Wednesday, May 15, 2013

Romans It Is


Romans: Paul’s Inclusive Gospel
(Tony Siew)

Paul’s letter to the Romans is his magnum opus. The letter to the Romans is at once an occasional letter addressing congregational issues and at the same time Paul’s most systematic and elaborate of letters. In it, Paul discusses the nature of his gospel to the Jews and Greeks (Rom 1-8), God’s promises to Israel (Rom 9-11), and the outworking of the gospel in Church and Society (Rom 12-13). Finally, in Rom 14-15, Paul promotes an inclusive ethic for Christians that advises the Gentiles (the strong) to accommodate certain practices of the Jews (the weak) in order that all believers from diverse ethnic groups can be united in worship and in the advancement of the gospel in the world. This course will look at the above themes with particular focus to Paul’s inclusive gospel as a model for the urban church of the 21st century to embrace diverse ethnic groups as members of one church, “so that together we may with one voice glorify the God and Father of our Lord Jesus Christ” (Rom 15:6).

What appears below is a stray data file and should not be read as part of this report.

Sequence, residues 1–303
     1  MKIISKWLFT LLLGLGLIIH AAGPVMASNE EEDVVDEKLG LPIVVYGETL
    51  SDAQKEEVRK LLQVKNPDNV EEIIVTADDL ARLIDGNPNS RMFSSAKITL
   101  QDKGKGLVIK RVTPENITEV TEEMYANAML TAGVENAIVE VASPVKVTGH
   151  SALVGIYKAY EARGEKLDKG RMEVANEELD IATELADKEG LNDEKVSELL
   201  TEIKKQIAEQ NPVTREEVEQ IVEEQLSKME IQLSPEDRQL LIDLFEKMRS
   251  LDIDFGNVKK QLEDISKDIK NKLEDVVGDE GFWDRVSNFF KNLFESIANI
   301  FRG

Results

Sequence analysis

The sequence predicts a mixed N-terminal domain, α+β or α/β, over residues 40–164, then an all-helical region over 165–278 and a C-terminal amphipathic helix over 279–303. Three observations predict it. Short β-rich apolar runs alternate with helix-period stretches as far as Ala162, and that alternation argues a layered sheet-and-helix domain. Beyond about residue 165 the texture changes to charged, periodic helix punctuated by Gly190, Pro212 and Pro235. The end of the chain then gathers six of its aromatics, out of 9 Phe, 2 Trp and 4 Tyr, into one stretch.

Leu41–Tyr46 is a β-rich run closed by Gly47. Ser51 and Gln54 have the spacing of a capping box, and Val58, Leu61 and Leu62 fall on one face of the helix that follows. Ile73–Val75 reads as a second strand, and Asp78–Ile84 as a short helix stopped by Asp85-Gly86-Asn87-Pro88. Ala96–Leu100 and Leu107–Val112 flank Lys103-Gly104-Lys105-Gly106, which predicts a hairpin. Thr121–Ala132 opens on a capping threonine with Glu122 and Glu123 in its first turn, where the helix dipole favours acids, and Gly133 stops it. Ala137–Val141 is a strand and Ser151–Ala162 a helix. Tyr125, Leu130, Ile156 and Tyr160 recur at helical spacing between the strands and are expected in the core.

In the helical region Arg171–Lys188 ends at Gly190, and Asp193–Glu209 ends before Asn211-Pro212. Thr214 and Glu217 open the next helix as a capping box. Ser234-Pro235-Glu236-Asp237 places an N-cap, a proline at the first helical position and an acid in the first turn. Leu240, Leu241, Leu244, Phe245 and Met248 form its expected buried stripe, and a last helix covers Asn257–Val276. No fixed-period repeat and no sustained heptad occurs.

Required Textbook:
1)      Talbert, Charles H., Romans (Smyth & Helwys Bible Commentary; Macon, Georgia: Smyth & Helwys Publishing, 2002).
Recommended texts:
A)     Introduction to Paul
(i)                  E. P. Sanders, A Very Short Introduction (Oxford University Press, 2001)
(ii)                Jouette M. Bassler, Navigating Paul: An Introduction to Key Theological Concepts (Louisville: John Knox Press, 2006).

B) Commentaries & Monographs on Paul
1)            Toney, Carl N., Paul’s Inclusive Ethic (WUNT 252; Tubingen: Mohr Siebeck, 2008).
2)            Tobin, Thomas H., Paul’s Rhetoric in its Contexts: The Argument of Romans (Peabody: Hendrickson, 2004).
3)            Jewett, Robert, Romans: A Commentary (Hermeneia; Augsburg Fortress, 2006).

Lectures Schedule: Monday afternoons (from 7th July to 28th October 2013).
Assessment:
1)      Presentation (20%) – 10 minutes on a topic from Romans
2)      Reading & Class Interaction (20%)
3)      Essay (3,500 words inclusive of footnotes [60%])

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